An Inconvenient Text

An Inconvenient Text: Is a Green Reading of the Bible Possible?

Norman Habel
Copyright Date: 2009
Published by: ATF (Australia) Ltd.
Pages: 236
https://www.jstor.org/stable/j.ctt163t8xc
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  • Book Info
    An Inconvenient Text
    Book Description:

    The Bible is an inconvenient text. There are passages that are 'grey' rather than 'green'. These passages depict God or humans destroying or devaluing parts of creation. What if we dare to read these 'grey texts' from the perspective of the victims - Earth and the domains of Earth? How then would we relate to these de-valued parts of creation? And, how does this Gospel contribute to resolving this dilemma? Norm Habel has taught Old Tesatment in Australia, the USA and India. He has written major commentaries on the Book of Job and is editor of the Sheffield Press' Earth Bible Series.

    eISBN: 978-1-921511-12-7
    Subjects: Religion

Table of Contents

  1. Front Matter
    (pp. i-iv)
  2. Acknowledgments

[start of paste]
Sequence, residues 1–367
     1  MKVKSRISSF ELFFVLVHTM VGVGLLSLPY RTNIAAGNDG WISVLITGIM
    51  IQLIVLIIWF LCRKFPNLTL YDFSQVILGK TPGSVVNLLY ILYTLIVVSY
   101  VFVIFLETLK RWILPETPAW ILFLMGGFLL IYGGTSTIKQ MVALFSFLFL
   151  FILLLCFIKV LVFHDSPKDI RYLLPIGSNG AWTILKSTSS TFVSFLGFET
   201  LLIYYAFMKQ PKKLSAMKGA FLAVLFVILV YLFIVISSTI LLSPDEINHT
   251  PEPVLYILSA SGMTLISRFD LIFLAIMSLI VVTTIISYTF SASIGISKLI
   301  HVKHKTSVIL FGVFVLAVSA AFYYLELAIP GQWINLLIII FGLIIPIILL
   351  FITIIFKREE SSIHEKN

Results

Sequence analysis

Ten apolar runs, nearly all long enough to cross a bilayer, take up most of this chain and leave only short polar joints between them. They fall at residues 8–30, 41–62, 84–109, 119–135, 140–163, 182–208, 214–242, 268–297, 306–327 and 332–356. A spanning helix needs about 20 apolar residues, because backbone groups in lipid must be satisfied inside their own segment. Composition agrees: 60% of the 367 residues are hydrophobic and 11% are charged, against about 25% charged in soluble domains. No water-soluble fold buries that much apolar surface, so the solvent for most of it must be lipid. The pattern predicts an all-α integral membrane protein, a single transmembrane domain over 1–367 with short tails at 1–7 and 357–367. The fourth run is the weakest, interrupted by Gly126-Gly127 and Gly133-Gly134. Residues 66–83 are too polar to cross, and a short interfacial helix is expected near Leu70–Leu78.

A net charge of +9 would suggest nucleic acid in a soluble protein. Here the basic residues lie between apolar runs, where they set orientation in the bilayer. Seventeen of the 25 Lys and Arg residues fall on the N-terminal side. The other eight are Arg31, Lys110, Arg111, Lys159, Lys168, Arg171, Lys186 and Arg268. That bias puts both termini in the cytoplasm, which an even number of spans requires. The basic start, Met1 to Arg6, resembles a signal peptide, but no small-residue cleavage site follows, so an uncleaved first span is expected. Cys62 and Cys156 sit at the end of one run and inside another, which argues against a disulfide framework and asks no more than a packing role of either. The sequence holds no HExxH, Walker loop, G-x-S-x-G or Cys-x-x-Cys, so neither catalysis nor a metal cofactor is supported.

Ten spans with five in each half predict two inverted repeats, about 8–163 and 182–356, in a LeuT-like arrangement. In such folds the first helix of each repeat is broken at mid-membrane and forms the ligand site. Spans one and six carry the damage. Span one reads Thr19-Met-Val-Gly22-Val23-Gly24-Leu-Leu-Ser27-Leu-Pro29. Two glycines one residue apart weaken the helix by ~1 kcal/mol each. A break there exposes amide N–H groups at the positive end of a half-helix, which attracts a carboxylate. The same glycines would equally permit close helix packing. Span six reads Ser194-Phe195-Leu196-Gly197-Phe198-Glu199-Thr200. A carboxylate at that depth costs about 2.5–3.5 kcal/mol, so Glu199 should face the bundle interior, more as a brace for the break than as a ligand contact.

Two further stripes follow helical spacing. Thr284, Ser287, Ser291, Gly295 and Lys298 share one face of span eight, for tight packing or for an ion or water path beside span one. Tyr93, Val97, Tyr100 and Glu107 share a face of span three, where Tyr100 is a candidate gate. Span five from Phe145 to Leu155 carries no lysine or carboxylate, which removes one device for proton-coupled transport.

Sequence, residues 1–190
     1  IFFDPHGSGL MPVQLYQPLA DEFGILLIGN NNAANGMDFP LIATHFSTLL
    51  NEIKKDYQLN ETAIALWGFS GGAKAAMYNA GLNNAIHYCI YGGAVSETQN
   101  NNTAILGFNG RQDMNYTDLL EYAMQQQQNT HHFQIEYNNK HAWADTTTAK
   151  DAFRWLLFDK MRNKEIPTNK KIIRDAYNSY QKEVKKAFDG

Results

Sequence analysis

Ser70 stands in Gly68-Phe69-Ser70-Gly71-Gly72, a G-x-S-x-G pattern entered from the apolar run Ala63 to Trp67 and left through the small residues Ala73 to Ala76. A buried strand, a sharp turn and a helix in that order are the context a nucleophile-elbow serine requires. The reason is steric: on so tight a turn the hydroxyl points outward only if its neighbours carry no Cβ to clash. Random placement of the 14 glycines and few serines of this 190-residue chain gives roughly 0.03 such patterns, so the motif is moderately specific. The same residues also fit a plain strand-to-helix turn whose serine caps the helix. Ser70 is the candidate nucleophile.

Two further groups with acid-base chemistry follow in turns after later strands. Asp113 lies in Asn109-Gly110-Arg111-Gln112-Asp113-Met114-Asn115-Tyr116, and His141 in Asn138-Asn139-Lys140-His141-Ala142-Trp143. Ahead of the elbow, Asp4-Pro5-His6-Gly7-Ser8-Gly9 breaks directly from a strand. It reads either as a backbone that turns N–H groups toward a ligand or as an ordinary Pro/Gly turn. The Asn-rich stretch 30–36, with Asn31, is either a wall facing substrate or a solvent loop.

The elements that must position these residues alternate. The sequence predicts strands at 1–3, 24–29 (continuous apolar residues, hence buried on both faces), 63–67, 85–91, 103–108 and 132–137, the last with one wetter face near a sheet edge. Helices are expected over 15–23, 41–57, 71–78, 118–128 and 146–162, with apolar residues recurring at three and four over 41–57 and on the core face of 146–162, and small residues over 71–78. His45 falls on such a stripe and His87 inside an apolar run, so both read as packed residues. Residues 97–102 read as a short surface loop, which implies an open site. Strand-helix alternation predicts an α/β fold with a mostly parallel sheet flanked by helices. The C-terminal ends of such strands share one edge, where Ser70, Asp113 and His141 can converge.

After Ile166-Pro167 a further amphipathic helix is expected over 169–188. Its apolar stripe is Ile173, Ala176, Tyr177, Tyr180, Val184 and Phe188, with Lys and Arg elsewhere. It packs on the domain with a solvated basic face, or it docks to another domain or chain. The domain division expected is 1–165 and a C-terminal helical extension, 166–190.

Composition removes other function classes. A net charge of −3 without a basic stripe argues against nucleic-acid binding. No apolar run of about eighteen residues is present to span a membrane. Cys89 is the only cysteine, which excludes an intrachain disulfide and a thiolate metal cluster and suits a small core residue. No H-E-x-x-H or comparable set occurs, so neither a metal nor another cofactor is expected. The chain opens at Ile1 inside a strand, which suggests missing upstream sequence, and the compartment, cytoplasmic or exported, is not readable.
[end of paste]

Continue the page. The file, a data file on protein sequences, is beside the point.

(pp. v-vi)
  3. Preface
    (pp. vii-viii)
    Sallie McFague
  4. Foreword
    (pp. ix-xii)
    Ernst Conradie

    Ecological problems such as climate change require a multidisciplinary approach in which every one of us is called upon to play a role. Despite the earlier criticisms by Lynn White Jr and others regarding the complicity of Christianity in environmental destruction, it has now become clear that the role of religion will be critical in addressing such destruction. Several observers have recognised the potential of the world’s religious traditions to offer the necessary inspiration, spiritual vision, ecological wisdom, ethical discernment, moral power, and hope to sustain an ecological transformation of the global economy and the widespread culture of consumerism. Religious...

  5. Table of Contents
    (pp. xiii-xiv)
  6. Introduction
    (pp. xv-xxii)